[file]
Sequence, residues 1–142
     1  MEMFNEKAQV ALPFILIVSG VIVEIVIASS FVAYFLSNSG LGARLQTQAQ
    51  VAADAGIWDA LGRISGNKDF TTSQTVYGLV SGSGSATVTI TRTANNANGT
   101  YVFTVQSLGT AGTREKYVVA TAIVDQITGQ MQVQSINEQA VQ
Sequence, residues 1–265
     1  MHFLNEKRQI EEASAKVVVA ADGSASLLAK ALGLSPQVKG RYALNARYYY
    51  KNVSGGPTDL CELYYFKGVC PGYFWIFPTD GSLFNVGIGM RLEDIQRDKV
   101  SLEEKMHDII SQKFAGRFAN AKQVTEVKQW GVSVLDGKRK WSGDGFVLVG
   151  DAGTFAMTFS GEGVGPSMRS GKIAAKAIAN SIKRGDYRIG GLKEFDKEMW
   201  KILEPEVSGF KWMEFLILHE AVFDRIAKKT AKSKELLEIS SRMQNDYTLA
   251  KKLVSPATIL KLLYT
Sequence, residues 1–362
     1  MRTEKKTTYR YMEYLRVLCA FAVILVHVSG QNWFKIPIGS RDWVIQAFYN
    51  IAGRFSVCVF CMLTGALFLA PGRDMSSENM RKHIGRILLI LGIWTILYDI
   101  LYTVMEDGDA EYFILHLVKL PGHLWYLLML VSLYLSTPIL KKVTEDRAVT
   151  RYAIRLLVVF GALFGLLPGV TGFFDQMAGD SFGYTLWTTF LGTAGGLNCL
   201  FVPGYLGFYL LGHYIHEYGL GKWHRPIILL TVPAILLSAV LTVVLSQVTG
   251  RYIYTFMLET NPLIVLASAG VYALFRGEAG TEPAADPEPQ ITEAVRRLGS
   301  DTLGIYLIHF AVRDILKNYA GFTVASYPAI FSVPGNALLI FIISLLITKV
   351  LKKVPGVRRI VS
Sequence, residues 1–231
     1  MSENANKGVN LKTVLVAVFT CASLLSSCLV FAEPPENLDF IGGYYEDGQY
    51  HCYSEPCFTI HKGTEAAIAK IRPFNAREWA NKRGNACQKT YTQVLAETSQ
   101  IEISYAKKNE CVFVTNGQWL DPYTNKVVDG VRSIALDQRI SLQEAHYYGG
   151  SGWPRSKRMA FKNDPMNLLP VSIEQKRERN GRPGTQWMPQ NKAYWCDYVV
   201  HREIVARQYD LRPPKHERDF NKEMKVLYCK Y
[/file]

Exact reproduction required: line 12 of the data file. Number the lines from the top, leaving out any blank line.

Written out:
Sequence, residues 1–362